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The Septuagint is the Greek translation of the Old Testament from Hebrew. It tells the story of Naaman, the Syrian leper, who was told by the prophet Elisha to dip seven times in the Jordan River for healing. The translation reads, "Then Naaman went down and baptizo himself seven times in the Jordan according to the saying of the man of God."


Flavius Josephus was an illustrious Jewish historian who wrote, "The servants of Herod took Aristobulus out in the middle of the pool and they baptizo, baptizo, and baptizo him until they drowned him." They did not accomplish that by pouring or sprinkling water onto him.



Modern Greek is practically the same speech as it was in the ancient world. The Greek language has changed less in 2,300 years than our modern English has changed in 500 years. Homer and Socrates, Plato and Aristotle could sit down at the foot of the Acropolis today and read a Greek newspaper.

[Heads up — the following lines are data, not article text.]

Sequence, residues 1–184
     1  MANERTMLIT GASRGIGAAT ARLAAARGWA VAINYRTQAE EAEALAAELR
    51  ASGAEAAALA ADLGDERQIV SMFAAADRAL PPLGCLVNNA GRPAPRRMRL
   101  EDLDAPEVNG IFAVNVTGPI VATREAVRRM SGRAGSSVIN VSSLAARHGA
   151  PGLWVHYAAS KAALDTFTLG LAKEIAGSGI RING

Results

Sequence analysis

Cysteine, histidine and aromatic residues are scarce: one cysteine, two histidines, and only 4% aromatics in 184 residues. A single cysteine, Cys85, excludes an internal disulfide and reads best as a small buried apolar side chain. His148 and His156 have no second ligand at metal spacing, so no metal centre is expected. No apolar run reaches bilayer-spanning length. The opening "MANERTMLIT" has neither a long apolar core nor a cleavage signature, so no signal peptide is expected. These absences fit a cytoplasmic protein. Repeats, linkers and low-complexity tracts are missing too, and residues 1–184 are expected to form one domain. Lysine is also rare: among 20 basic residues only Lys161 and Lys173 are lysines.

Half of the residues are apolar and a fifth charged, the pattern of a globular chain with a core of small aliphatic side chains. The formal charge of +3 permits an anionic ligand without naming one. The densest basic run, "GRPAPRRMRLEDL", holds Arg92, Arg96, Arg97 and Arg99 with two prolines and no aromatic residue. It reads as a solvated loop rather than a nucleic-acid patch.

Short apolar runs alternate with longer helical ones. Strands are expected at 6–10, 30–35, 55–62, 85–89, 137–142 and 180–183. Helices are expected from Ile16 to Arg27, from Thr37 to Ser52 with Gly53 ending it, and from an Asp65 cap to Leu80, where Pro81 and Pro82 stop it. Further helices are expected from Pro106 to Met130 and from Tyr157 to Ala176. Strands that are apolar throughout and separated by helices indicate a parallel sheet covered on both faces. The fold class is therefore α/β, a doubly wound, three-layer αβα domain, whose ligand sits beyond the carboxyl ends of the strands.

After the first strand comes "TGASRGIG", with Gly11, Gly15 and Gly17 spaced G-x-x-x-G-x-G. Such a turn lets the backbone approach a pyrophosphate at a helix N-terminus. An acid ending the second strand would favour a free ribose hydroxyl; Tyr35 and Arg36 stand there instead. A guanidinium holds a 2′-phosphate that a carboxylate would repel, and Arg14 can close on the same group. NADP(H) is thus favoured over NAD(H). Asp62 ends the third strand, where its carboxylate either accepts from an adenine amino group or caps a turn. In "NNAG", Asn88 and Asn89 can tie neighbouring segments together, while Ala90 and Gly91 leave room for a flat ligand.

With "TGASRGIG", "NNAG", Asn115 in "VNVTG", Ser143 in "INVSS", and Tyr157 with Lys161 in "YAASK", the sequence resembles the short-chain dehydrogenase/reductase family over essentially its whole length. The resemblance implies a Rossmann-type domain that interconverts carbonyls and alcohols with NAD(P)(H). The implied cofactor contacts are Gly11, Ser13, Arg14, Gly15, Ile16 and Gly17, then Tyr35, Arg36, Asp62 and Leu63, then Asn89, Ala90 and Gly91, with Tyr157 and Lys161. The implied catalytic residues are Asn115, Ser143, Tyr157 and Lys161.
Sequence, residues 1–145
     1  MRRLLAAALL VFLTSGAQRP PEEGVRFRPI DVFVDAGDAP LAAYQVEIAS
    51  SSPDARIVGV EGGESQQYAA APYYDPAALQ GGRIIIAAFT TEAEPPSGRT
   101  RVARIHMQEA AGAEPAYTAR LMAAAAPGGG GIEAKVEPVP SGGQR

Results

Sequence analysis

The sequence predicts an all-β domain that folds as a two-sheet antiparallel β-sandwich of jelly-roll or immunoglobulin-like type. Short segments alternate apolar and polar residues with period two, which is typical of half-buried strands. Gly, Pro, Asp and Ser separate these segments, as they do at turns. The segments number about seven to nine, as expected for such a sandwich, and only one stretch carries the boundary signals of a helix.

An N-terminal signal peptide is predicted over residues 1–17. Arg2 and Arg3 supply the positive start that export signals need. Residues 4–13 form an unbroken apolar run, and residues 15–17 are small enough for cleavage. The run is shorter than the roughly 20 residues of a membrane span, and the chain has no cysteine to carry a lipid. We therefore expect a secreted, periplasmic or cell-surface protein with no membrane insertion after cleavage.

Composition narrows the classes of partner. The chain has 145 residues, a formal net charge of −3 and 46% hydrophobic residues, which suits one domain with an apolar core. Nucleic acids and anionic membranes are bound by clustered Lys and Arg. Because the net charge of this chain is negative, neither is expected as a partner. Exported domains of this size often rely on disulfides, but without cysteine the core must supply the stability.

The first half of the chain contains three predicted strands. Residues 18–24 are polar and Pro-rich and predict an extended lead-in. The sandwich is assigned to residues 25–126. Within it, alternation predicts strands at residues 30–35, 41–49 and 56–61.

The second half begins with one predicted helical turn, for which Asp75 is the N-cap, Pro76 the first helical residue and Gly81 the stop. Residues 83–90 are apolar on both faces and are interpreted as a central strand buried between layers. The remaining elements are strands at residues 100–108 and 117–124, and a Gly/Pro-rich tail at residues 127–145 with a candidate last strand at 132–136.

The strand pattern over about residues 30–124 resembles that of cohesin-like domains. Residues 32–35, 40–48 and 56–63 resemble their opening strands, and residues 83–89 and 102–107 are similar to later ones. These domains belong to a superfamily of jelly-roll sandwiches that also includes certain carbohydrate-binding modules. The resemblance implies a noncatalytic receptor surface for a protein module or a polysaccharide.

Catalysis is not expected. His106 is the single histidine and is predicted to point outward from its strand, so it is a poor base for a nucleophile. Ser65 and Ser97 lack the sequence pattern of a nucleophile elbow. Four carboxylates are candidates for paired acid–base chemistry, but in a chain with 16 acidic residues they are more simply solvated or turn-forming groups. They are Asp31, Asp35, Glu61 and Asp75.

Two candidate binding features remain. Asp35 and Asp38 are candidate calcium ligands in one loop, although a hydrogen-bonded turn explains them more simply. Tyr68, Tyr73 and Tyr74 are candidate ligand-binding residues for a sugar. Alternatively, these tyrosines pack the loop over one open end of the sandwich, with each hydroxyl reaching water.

A famous scholar by the name of Dr. J. T. Conant wrote a book in which he copied every instance of the use of the word baptizo from 100 B. C. to 1,000 A. D. In every instance that the word has been used in the history of the Greek language, it has never had any other meaning than the simple meaning, to immerse or to dip.

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